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Kansas

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The health disparities between Johnson and Wyandotte counties in Kansas are real. Reporter Alex Smith explains how he "sought to depict not just the struggles these people faced, but also their humor, their hope, their wisdom."

Picture of Alexander Smith

In Johnson County, for every 1,000 infants born in recent years, fewer than five don’t make it to their first birthday. In Wyandotte County, the number is closer to eight.

Picture of Alexander Smith

At her home studio in Westwood, Kansas, instructor Marilyn Pace leads a class of 5-to-8-year olds through yoga positions. But just six blocks from the yoga studio — where Wyandotte County begins — the picture of health is quite different.

Picture of Alexander Smith

Health rankings published in recent years have made it clear that there’s a lot of work to do in Wyandotte County, Kansas, which has some of the worst health outcomes in the state, according to the Robert Wood Johnson Foundation.

Picture of Nathanael Johnson

Meaning as medicine, infant formula, Medicare fraud, osteoporosis and more from our Daily Briefing.

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The first in a three part series on the causes behind Oklahoma's lack of access to health care, including a physician shortage, geographic disparities and lack of transportation options.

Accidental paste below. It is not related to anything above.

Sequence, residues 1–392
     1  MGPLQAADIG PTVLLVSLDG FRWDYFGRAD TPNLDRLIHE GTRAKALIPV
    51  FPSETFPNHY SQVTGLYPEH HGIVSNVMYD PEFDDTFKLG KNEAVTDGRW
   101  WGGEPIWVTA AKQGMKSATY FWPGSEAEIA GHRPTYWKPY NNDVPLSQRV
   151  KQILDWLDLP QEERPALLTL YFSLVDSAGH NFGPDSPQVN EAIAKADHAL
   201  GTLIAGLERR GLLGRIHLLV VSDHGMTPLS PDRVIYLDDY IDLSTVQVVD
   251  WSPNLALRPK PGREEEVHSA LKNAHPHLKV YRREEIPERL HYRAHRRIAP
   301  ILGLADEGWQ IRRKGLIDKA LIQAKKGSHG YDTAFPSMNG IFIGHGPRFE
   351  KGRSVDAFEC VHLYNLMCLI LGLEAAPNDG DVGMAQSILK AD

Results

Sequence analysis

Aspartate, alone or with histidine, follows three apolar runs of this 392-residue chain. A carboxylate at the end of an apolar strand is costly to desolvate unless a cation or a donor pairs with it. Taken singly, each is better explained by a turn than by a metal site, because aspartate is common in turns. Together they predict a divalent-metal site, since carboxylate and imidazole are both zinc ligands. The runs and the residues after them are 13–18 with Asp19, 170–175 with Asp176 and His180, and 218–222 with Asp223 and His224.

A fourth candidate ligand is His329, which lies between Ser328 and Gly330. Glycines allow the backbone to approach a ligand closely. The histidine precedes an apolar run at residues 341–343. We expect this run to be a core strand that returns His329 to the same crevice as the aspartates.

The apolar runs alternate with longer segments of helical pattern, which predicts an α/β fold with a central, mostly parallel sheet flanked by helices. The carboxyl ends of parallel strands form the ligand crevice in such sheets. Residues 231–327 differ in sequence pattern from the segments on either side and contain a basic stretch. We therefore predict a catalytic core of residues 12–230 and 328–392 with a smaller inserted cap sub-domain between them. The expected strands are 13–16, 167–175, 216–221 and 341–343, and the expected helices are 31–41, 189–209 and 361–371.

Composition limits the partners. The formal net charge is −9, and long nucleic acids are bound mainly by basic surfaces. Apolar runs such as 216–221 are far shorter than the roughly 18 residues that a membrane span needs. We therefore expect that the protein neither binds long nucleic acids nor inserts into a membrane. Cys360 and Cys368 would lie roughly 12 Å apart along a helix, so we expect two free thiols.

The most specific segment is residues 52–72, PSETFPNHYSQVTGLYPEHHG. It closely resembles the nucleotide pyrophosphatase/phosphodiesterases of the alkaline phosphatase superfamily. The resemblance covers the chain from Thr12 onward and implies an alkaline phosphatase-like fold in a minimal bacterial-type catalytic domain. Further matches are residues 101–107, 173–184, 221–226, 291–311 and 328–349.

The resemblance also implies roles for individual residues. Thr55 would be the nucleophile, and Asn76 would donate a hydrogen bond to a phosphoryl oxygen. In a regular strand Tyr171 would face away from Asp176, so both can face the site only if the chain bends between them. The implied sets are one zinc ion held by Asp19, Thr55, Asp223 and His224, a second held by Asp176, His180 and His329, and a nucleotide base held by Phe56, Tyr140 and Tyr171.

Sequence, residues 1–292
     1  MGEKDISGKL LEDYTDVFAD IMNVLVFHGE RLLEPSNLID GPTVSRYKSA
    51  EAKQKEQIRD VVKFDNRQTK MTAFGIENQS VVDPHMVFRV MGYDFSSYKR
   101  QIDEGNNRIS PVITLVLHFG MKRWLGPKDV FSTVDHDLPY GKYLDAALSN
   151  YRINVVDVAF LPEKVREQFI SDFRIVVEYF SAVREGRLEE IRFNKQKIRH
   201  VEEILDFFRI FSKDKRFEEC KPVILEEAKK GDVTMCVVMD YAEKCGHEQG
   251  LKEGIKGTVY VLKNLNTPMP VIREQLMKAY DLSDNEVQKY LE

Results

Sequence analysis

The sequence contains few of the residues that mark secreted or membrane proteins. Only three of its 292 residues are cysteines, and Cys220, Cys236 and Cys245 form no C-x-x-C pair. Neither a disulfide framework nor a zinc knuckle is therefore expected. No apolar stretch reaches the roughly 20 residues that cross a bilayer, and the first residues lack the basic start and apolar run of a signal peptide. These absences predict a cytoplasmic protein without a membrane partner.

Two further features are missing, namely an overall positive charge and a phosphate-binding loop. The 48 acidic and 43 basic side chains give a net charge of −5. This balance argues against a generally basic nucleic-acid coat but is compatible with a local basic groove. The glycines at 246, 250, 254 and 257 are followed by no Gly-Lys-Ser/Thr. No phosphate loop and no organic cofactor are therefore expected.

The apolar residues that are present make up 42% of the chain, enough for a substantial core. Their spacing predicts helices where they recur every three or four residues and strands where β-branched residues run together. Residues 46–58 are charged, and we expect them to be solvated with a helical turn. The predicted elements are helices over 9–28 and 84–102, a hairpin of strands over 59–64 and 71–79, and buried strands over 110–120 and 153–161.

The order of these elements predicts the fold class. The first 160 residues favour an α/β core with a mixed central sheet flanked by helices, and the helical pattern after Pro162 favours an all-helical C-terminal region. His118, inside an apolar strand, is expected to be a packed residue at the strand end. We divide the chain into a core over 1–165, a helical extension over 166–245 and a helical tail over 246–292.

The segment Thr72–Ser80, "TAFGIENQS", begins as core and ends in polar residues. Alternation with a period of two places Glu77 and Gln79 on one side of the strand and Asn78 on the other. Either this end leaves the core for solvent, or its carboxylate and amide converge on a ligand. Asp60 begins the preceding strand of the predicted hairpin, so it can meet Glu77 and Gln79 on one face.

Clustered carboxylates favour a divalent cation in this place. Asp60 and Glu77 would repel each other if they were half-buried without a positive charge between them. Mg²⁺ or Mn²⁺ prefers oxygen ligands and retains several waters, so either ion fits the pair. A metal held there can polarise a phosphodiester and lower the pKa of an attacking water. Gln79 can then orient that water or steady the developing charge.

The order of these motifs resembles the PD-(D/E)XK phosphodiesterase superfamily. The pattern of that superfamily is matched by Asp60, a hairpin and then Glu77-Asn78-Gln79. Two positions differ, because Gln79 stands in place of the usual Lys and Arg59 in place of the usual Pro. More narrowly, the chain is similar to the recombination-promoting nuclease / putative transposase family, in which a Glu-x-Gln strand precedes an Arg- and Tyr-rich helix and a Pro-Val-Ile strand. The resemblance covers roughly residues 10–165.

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Kansas City Star reporter Alan Bavley was just doing his job. In response to his watchdog stories on medical malpractice, federal officials yanked public portions of a national doctor database offline and threatened him with fines. Now, journalists are pushing back.

Picture of William Heisel

Alan Bavley at the Kansas City Star found an opening in Missouri state law, drove a truck into it and loaded it up with facts for his story on Kansas and Missouri doctors who had histories of alleged malpractice, yet whose medical board records were spotless.

Picture of Barbara Feder Ostrov

As 2011 unfolds, I’d like to share some of my favorite health journalism – much but not all of it policy-related – from 2010. This is definitely not a best-of list, but rather journalism that can inspire and teach us.

Here are my first five picks, in no particular order of importance. I’ll share the next five next week.

Happy New Year!

Picture of William Heisel

Last week Antidote introduced you to Dr. Steven Balt, the rare physician to have the courage to open up about his personal experiences with the physician discipline system. The first part of our interview was posted last week. The last part is below.

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The USC Center for Health Journalism at the Annenberg School for Communication and Journalism is seeking two Engagement Editors to serve as thought leaders in one of the most innovative and rewarding arenas in journalism today – “engaged reporting” that puts the community at the center of the reporting process. Learn more about the positions and apply to join our team. 

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